N.K. Jemisin

The Fifth Season

The Fifth Season

A season of endings has begun. It starts with the great red rift across the heart of the world's sole continent, from which enough ash spews to darken the sky for years. Or centuries.

It starts with death, with a murdered son and a missing daughter.

It starts with betrayal, and long dormant wounds rising up to fester.

And it ends with you. You are the Stillness, a land long familiar with catastrophe, where orogenes wield the power of the earth as a weapon and are feared far more than the long cold night. And you will have no mercy.

Learn more.

On Fanworks

There’s been much debate in the blogosphere over the years about FANFIC: Threat or Menace?!?!?1! I haven’t participated in most of that debate, mostly because a) before four years ago, I had no “professional author” dog in the fight, and b) I was busy, mostly producing dogs for the fight.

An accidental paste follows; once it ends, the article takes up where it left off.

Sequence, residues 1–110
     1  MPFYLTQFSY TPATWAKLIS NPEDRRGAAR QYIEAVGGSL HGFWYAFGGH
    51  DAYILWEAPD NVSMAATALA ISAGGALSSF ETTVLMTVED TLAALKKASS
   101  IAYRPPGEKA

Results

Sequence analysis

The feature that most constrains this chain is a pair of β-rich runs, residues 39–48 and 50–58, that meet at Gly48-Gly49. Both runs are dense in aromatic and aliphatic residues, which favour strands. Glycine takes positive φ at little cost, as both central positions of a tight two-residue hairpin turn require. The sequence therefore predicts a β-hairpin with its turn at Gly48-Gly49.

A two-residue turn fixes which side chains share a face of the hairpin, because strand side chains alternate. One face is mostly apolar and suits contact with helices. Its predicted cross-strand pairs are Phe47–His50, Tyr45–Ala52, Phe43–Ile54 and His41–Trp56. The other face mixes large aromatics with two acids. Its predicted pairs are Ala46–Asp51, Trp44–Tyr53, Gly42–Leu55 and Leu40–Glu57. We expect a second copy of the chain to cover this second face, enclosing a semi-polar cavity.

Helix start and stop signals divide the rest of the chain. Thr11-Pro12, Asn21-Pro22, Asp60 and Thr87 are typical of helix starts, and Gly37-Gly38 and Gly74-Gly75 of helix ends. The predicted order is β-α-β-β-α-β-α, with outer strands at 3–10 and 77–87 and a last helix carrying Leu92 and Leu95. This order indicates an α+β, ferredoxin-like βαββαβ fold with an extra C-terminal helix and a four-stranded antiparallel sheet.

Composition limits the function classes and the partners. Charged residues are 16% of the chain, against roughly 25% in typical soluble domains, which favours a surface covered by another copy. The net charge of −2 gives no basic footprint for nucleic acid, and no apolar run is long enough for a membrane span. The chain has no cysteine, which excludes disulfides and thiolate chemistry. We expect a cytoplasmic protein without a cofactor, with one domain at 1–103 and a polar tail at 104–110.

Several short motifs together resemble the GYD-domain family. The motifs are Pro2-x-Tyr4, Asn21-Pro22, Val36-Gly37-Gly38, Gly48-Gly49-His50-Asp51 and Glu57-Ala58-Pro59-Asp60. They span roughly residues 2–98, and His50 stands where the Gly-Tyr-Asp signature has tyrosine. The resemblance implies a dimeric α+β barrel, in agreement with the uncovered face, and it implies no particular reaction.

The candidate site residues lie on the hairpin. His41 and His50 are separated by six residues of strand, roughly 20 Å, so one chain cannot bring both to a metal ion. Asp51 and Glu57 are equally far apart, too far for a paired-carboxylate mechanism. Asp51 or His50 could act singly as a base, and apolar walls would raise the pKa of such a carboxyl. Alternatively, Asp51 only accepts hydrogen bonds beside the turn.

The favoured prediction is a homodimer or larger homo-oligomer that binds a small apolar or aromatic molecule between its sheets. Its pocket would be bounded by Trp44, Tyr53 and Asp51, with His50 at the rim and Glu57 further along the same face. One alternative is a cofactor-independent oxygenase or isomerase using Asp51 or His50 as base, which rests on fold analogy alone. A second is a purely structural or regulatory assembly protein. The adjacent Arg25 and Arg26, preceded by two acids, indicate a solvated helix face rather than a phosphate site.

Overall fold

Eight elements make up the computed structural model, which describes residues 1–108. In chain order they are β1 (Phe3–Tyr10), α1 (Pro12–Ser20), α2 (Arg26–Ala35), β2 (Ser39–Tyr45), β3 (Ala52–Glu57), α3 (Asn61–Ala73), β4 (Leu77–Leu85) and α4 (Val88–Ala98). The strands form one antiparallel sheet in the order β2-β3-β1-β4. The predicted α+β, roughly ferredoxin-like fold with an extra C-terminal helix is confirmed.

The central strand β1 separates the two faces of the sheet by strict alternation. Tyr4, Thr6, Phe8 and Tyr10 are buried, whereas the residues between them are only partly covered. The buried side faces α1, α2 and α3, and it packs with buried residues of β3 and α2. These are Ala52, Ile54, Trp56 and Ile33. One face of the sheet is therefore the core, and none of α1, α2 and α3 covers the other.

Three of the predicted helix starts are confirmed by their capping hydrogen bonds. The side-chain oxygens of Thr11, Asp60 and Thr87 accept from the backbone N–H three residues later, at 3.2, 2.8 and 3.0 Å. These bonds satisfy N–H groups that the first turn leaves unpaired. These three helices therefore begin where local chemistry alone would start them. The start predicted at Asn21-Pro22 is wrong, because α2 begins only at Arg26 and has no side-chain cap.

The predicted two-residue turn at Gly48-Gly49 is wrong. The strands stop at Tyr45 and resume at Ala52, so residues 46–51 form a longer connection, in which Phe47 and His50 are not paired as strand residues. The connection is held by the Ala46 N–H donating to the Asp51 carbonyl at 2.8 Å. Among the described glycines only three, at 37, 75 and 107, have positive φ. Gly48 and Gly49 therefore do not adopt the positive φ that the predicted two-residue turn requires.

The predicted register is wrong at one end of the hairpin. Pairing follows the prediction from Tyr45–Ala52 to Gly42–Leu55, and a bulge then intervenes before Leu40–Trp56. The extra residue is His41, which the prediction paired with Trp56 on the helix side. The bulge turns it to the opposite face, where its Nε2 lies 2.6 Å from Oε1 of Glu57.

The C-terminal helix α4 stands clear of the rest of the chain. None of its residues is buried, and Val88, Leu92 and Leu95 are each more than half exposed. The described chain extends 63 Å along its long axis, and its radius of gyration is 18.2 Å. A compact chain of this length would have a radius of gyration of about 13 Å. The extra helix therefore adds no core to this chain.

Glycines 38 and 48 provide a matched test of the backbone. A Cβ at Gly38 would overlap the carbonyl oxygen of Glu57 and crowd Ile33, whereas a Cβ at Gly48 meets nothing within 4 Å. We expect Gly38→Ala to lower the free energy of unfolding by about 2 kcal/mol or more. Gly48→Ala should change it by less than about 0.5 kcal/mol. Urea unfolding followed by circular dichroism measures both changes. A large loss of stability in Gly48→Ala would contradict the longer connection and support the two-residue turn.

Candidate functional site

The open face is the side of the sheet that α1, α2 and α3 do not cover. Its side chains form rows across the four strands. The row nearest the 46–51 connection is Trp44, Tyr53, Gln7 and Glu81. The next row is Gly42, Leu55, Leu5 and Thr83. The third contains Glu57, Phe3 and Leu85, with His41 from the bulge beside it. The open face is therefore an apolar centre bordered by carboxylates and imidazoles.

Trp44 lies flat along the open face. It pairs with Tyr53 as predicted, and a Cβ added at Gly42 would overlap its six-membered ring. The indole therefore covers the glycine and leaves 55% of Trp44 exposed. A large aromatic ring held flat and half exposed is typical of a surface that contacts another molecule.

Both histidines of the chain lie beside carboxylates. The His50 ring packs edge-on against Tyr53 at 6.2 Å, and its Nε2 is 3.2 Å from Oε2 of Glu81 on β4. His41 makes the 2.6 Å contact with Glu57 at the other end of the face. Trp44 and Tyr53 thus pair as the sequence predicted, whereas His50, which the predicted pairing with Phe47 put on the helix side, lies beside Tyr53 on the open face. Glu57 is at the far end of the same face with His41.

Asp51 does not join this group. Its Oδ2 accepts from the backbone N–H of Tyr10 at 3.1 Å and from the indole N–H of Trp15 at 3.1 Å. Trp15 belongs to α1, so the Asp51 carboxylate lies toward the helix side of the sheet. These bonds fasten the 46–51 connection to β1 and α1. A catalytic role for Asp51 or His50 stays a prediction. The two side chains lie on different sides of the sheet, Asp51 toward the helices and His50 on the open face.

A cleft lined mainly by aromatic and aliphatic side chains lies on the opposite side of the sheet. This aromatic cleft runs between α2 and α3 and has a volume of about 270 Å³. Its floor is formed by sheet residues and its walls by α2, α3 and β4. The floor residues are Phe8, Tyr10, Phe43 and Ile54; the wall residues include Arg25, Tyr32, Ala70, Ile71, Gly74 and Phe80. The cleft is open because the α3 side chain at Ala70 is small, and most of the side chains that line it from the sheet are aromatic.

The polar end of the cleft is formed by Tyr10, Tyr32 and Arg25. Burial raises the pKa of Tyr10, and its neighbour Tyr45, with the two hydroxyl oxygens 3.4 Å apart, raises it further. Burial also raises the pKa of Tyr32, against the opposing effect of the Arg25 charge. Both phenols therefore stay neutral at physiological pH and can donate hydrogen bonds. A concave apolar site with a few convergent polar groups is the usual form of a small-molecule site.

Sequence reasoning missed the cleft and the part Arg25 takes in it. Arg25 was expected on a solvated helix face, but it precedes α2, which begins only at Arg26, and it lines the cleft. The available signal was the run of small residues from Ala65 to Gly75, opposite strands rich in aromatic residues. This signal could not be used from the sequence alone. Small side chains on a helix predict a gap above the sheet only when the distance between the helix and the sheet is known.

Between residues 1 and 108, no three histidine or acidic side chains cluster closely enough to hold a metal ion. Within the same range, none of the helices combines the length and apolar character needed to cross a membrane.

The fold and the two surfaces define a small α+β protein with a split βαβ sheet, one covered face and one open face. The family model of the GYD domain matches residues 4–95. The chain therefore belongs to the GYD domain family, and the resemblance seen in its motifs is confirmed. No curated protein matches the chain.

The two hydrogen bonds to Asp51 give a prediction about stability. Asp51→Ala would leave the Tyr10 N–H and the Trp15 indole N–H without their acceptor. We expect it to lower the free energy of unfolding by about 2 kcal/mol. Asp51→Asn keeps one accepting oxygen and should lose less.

But I also haven’t participated because my thoughts on the subject are fairly simple. I think fanworks = flattery + free publicity. I’m not going to limit things to fanfiction here, because the issue is really derivative art in general (including filk, fanart, fanjewelry, whatever), and I’m not going to go much deeper into it because lots of other authors have already said smart things on this issue, and I don’t feel like retreading the ground. Also because this particular ground has been paved for centuries anyway, so I’m not sure why it’s even an issue.